Reading The Comics, March 17, 2014: After The Ides Edition


Rather than wait to read today’s comics I’m just going to put in a fresh entry going over mathematical points raised in the funny pages. This one turned out to include a massive diversion into the wonders of the ancient Roman calendar, which is a mathematical topic, really, although there’s no calculations involved in it just here.

Bill Hinds’s Cleats (March 7, rerun) calls on one of the common cultural references to percentages, the idea of athletes giving 100 percent efforts. (Edith is feeling more like an 80 percent effort, or less than that.) The idea of giving 100 percent in a sport is one that invites the question, 100 percent of what; granting that there is some standard expectable effort made, then, even the sports reporting cliche of giving 110 percent is meaningful.
Cleats continued on the theme the next day, as Edith was thinking more of giving about 79 percent of 80 percent, and it’s not actually that hard to work out in your head what percent that is, if you know anything about doing arithmetic in your head.

Jef Mallet’s Frazz (March 14) was not actually the only comic strip among the roster I normally read to make a Pi Day reference, but I think it suffices as the example for the whole breed. I admit that I feel a bit curmudgeonly that I don’t actually care about Pi Day. I suppose that as a chance for people to promote the idea of learning mathematics, and maybe attach it to some of the many interesting things to be said about mathematics using Pi as the introductory note the idea is fine, but just naming a thing isn’t by itself a joke. I’m told that Facebook (I’m not on it) was thick with people posting photographs of pies, which is probably more fun when you think of it than when you notice everybody else thought of it too. Anyway, organized Pi Day events are still pretty new as Internet Pop Holidays go. Perhaps next year’s comics will be sharper.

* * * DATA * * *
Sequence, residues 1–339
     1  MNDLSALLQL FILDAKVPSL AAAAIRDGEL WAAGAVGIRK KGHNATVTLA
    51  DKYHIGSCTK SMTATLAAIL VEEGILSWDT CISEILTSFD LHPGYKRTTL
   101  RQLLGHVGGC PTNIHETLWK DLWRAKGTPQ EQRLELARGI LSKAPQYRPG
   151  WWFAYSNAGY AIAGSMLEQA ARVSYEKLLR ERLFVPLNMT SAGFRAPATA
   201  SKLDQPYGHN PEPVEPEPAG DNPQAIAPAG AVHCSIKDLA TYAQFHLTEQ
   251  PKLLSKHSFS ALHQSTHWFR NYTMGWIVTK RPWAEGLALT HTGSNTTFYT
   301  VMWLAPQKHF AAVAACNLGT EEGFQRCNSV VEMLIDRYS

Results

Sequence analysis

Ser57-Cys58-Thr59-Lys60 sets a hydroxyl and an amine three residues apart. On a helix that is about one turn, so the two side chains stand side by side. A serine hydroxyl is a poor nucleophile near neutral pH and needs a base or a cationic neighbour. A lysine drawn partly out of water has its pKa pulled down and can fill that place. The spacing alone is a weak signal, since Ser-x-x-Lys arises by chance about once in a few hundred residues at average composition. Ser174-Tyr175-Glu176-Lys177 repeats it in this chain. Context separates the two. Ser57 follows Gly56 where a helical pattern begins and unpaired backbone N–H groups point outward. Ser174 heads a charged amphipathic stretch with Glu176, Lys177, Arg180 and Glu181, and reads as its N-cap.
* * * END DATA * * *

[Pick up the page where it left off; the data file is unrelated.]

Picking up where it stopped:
Jenny Campbell’s Flo and Friends (March 15) comes back to useful mental arithmetic work, in this case in working out a reasonable tip. A twenty-percent tip is, mercifully, pretty easy to remember just as what’s-her-name specifies. (I can’t think of the kid’s name and there’s no meet-our-cast page on the web site. None of the commenters mention her name either, although they do make room to insult health care reform and letting students use calculators to do arithmetic, so, I’m sorry I read that far down too.) But as ever you need to make sure the process is explained clearly and understood, and Tina needed to run a sanity check on the result. Sanity checks, as suggested, won’t show that your answer is right, but they will rule out some of the wrong ones. (A fifteen percent tip is a bit annoying to calculate exactly, but dividing the original amount by six will give you a sixteen-and-two-thirds percent tip, which is surely close enough, especially if you round off to a quarter-dollar.)

Steve Breen and Mike Thompson’s Grand Avenue (March 15) has the kids wonder what are the ides of March; besides that they’re the 15th of the month and they’re used for some memorable writing about Julius Caesar it’s a fair thing not to know. They derive from calendar-keeping, one of the oldest useful applications of mathematics and astronomy. The ancient Roman scheme set three special dates in the month: the kalends, which seem to have started as the day of the new moon as observed in Rome; the nones, when the moon was at its first quarter; and the ides, when the moon was full.